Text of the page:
« I find that Rosemont has a real 1950s vibe, with its mature trees and its incomparably solid houses. »
Marc-Emmanuel Jean-Baptiste, Area Specialist
In 1905, the municipality of La Petite-Côte became the village of Rosemont. In the early 20th century, Rosemont benefited from rapid expansion thanks to the arrival of the Angus factories: In only ten years, its population tripled. The slowdown and eventually the termination of the Canadian Pacific activities created a real void. However, for the past few years, the Angus area has been reviving. A large residential development and an industrial renaissance based on new technologies are once again setting the rhythm throughout the entire borough.
Located in the center of the Island of Montréal, Rosemont is surrounded by a quadrilateral formed by Sherbrooke, Bélanger, Iberville, and Lacordaire Streets. It contains several neighborhoods, including Petite-Patrie, Nouveau-Rosemont, and the Technopôle Angus, as well as urban villages like Little Italy.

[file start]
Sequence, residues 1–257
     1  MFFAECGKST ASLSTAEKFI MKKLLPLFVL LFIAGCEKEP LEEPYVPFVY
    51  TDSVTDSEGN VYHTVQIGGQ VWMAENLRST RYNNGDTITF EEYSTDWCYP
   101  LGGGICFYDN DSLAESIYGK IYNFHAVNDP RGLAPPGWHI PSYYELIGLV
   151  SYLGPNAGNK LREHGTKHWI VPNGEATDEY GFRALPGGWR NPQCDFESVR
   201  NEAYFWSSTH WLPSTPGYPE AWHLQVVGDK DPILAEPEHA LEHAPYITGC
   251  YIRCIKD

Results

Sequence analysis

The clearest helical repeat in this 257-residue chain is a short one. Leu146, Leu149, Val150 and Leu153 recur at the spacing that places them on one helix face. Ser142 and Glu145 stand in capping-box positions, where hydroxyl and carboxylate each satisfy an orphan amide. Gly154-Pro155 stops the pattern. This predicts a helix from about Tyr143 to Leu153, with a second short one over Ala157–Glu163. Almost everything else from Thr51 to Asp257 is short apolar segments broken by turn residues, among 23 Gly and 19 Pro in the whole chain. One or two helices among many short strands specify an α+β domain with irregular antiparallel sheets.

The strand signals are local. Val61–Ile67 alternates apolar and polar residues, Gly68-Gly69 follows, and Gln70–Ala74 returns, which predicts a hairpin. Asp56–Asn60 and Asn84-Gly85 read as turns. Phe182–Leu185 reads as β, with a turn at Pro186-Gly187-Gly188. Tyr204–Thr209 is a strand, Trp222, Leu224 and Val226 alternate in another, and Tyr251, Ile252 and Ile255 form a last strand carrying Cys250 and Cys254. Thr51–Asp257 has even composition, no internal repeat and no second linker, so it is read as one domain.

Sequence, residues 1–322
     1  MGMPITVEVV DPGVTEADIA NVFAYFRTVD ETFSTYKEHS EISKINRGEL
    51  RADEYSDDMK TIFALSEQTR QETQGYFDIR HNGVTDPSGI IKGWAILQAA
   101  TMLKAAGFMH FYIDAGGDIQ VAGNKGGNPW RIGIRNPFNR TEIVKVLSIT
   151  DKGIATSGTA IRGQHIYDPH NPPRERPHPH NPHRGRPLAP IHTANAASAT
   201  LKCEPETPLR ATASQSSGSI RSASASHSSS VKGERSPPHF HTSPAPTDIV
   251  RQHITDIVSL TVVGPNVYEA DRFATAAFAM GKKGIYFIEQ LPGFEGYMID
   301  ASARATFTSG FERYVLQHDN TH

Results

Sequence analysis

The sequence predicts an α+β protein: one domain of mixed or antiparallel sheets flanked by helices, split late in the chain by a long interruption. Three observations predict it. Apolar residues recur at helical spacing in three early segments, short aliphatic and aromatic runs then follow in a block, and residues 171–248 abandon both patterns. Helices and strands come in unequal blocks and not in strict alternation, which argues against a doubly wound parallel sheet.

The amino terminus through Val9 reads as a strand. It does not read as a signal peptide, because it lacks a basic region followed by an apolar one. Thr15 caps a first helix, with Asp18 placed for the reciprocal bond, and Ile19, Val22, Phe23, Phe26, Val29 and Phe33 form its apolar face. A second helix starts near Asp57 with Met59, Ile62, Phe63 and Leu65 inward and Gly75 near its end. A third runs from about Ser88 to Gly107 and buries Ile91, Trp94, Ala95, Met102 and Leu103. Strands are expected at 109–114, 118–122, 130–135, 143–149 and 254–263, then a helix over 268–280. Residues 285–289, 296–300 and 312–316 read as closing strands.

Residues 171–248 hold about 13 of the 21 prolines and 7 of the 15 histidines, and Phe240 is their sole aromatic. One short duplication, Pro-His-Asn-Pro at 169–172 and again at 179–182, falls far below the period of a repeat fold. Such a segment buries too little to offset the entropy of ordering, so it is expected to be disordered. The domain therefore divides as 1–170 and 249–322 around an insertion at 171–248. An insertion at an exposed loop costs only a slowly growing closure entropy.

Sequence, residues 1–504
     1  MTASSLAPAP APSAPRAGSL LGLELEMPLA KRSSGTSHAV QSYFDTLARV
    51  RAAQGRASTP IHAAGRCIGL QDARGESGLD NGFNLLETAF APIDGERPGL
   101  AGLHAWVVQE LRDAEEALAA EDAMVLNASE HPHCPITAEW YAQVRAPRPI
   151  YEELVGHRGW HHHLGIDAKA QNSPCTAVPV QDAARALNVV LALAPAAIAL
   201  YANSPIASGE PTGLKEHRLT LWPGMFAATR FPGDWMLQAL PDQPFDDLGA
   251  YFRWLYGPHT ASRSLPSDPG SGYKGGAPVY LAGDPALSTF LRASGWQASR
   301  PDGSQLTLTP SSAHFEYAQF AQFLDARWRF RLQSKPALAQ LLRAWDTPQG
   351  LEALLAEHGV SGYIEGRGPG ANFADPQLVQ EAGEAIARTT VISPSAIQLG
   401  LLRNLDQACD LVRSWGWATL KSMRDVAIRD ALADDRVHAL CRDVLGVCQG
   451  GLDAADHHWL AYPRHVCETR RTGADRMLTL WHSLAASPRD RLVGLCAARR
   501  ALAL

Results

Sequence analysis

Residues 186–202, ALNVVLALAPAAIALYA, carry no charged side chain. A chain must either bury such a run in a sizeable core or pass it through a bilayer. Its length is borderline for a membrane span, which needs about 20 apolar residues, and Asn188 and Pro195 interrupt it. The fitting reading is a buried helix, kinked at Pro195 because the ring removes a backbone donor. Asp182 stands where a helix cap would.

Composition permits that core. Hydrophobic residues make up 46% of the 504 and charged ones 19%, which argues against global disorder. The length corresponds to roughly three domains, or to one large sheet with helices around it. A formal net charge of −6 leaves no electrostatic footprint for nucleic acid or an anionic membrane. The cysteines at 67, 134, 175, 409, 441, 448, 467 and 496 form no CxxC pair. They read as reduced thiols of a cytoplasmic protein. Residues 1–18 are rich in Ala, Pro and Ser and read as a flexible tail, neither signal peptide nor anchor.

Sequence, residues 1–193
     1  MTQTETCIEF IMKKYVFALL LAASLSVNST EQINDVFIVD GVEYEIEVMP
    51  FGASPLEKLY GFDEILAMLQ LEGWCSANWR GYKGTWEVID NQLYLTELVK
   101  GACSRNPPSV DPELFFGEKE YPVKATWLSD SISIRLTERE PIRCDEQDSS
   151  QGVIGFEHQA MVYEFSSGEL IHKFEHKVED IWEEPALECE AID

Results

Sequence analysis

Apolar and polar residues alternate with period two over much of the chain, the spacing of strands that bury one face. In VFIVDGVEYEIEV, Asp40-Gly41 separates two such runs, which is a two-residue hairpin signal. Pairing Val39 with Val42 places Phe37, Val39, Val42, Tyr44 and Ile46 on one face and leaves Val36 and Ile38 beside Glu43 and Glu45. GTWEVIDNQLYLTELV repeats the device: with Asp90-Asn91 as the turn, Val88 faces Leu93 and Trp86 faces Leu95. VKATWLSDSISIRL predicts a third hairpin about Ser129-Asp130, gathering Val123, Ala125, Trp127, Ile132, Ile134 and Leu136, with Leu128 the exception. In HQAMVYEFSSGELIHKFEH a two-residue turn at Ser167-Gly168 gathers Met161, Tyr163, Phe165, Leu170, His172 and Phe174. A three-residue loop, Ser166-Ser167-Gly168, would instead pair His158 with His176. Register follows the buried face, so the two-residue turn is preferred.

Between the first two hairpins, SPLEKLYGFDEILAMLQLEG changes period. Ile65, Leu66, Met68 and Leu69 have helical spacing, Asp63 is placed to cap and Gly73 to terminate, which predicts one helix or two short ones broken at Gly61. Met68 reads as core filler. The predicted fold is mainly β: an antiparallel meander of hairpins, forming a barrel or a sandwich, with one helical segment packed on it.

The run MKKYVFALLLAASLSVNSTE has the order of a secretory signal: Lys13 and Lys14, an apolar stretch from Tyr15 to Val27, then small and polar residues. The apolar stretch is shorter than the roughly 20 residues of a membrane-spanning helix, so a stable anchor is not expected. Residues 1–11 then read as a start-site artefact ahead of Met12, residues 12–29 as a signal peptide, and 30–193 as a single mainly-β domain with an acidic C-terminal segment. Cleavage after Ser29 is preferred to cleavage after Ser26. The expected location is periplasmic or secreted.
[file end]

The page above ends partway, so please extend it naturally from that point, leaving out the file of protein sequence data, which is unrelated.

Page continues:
According to sociodemographic data published in July 2014, the Rosemont-La Petite-Patrie borough is the third most populated borough of the City of Montréal. It has more than 134,000 inhabitants, i.e. 8.1% of the city’s total population, over an area of 15.9 km2. More than half of the 31,310 families in Rosemont-La Petite-Patrie have children living at home. In total, there are 27,150 children at home, more than 60% of which are 14 years of age or younger. There are more than 71,140 households, the average size of which is 1.8 people.
What can you find there? A culture centre, three libraries, and the Cinéma Beaubien, a predominantly francophone movie theatre with varied offerings; dynamic business streets and hundreds of businesses close by; the Saint-Hubert Plaza and the Promenade Masson; Little Italy and the Jean-Talon Market, as well as four hospitals.